If you are going through the process of a divorce and have any assets, you need to be sure that your estate plan is as well-conceived as possible. Estate planning after divorce can also help guide your children if they become heirs to your estate. An experienced attorney can help you determine what an appropriate estate plan is for your situation. An estate plan will include a will, a revocable trust, and perhaps other documents. When you are talking about estate planning as an individual, your spouse is also involved. When an individual dies without a will, the state of California controls the distribution of assets. The surviving spouse, who is married to the deceased, may need to go through probate to get all of the assets. In other states, family members may need to step in and administer the financial part of the estate that does not go through probate.
One of the primary reasons to have an estate plan is to make sure that your assets are not divided up among family members in a way that they do not want. To build an estate plan, you need to determine what types of documents you and your spouse will need. The documents needed will vary depending on the situation, so an attorney should be able to spend time explaining the options to you and then helping you choose what best meets your needs.
One of the documents you will need is beneficiary designations. These are forms that are filled out in your financial accounts to let you name who should benefit from accounts when you die. You want to make sure that these assets do not go into probate first. This will expedite the distribution of assets and save money on legal fees. You should be sure that your beneficiary designation forms are up to date with any changes in your family or other situations so that they accurately reflect who you want to receive these assets. You will also want to review these forms periodically to make sure that you are still happy with the beneficiary you have selected. Another thing you should be sure to do is to designate an alternate beneficiary in case the primary beneficiary does not survive you.
If You Have Children
If you have children, it is very important to establish trust for them. You will want to make sure that the trust allows them to be able to access some assets that are not subject to probate. For example, with a California trust, you can keep funds in savings accounts and brokerage accounts without being subject to probate in California. Or you can put money in your child’s name for college tuition without the degree being part of the probate court distribution of assets.
An estate plan will also help guide your heirs with money management during their young adult years. If you do not have children, you will need other estate planning documents. These can include a revocable trust for a property that does not need to go through probate. This can include things like real estate and small businesses. You may also want to establish a living trust that outlines your wishes for financial matters such as healthcare and funeral arrangements.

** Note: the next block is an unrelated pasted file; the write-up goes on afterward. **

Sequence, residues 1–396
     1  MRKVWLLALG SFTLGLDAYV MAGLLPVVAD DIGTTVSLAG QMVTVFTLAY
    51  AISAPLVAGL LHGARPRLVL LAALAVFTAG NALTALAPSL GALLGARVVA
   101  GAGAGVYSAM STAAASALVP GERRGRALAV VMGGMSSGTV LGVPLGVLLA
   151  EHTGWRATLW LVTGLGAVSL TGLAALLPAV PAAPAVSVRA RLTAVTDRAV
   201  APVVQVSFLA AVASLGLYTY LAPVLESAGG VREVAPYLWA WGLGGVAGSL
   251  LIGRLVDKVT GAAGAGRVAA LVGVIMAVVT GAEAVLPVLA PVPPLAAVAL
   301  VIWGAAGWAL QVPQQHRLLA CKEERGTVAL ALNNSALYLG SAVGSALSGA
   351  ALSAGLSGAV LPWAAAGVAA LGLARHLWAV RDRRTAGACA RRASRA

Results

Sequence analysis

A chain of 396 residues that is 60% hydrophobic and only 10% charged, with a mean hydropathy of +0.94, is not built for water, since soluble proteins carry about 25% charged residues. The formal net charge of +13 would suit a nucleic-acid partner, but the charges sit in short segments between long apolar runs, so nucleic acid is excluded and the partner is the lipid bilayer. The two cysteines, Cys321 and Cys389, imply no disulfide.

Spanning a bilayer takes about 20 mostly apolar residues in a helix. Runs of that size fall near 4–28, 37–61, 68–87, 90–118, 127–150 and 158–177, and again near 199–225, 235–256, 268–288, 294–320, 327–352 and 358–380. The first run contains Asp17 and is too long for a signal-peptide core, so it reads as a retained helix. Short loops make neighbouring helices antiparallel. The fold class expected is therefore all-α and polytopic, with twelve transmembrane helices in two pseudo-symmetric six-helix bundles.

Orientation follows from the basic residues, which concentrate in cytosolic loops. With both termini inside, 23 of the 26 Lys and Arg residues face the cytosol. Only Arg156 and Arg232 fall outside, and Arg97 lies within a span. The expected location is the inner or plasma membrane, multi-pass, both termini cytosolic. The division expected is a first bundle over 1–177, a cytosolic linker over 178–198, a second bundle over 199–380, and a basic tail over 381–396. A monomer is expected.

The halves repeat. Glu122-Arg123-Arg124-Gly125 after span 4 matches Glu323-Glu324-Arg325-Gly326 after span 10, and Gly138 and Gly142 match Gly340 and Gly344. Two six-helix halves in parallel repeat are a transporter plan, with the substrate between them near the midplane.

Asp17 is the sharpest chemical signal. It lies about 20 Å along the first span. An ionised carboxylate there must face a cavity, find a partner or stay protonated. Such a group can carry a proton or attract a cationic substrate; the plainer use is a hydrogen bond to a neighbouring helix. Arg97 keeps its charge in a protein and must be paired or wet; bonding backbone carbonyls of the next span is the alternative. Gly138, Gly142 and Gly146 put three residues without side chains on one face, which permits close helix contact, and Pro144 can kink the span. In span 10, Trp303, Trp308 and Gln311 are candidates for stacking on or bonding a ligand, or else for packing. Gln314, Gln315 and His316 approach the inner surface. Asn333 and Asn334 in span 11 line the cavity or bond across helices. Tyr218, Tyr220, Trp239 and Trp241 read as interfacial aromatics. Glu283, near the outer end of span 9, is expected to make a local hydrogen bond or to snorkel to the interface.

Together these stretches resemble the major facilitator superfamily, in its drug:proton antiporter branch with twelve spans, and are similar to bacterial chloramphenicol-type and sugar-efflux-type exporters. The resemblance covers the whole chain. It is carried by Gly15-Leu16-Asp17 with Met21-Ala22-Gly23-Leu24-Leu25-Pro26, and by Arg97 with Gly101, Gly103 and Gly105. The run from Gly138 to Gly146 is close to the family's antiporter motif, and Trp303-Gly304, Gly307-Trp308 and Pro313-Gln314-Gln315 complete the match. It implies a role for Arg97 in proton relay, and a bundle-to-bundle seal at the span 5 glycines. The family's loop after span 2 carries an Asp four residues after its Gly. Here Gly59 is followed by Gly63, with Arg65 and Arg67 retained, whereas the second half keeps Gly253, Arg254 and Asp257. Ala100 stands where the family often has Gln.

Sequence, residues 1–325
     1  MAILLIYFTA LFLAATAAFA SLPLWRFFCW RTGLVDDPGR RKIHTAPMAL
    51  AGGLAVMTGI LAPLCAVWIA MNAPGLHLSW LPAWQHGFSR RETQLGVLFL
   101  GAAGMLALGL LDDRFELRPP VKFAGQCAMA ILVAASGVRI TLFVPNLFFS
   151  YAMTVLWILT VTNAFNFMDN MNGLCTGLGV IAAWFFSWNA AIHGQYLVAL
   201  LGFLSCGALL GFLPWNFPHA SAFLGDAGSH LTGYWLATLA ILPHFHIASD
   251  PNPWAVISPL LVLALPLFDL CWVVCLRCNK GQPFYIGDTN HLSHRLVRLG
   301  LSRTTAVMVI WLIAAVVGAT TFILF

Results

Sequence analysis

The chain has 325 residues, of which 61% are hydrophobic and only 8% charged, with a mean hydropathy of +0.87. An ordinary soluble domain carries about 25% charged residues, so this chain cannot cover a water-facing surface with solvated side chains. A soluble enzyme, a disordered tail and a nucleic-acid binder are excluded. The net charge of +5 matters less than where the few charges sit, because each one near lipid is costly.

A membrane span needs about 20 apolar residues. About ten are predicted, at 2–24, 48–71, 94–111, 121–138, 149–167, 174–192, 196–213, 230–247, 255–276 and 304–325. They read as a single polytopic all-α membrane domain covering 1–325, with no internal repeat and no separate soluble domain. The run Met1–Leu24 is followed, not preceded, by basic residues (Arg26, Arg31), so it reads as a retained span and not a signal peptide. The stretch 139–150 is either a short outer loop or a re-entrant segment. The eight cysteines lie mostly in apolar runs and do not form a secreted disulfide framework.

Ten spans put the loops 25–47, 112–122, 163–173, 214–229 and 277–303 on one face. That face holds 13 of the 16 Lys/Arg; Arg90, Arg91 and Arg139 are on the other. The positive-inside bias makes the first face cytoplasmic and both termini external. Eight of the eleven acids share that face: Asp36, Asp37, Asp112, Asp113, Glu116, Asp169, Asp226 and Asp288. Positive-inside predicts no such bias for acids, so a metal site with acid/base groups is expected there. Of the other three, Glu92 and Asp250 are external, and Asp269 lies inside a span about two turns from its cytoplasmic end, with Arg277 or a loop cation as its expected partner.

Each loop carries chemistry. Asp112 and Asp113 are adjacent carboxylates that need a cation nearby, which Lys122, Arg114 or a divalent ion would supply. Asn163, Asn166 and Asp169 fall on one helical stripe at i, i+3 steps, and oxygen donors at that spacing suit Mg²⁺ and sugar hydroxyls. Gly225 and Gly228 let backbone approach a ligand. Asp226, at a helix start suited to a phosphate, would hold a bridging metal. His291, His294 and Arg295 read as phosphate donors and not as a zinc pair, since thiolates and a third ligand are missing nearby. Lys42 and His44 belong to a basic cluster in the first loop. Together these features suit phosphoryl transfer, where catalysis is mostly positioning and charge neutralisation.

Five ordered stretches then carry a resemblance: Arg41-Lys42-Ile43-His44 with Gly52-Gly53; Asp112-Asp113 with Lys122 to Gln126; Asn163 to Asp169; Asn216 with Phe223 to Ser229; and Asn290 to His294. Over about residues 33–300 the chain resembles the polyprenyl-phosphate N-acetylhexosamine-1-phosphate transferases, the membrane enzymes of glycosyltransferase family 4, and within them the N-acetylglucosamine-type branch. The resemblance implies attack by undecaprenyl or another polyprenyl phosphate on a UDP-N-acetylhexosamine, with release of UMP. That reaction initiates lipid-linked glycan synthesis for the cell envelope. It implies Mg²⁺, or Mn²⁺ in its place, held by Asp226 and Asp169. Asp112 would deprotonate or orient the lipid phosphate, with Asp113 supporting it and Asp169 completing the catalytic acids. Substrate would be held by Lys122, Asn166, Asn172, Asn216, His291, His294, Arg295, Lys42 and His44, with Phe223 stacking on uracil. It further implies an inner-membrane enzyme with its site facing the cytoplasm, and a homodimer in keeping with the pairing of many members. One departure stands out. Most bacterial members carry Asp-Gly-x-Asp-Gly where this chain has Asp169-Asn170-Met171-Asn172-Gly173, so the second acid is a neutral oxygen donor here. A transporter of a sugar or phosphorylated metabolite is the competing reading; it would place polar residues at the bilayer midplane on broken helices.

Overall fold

Your Will and Living Trust
A will and a living trust are the two most common components of an estate plan. If you do not have any heirs, a living trust may be all you need to make sure that your assets are distributed according to your wishes. The living trust is updated regularly and only needs to go through probate if something changes in the document. It is also possible for your estate planning attorney to create the will and living trust at the same time, so they are very closely linked. If you have a will, it will be probated when you die. The executor of your estate will distribute assets according to your instructions in the will. Any assets that are not addressed in the will are distributed by the state.
Health Care Powers of Attorney and Estate Planning After Divorce
Another aspect of estate planning is making sure that your wishes are clear as to medical care. The medical power of attorney and living will have been a standard part of estate plans for decades. This can include deciding to no longer have life support when you are terminally ill or stipulating what kinds of treatments should be used to try and save your life.
These decisions must be made while you still have decision-making capacity, so it is important to have them in place before a major medical crisis occurs. Without the power of attorney and a living will, the court may appoint a healthcare surrogate to make these decisions for you.
Estate planning can help your family avoid a lot of extra stress when you die and make sure that assets are distributed in the manner you wish. It is important to have an estate plan that reflects all of the changes that have happened in your life since you last updated it. An attorney can help you update documents that need to be changed and will also be able to explain how the estate plan works.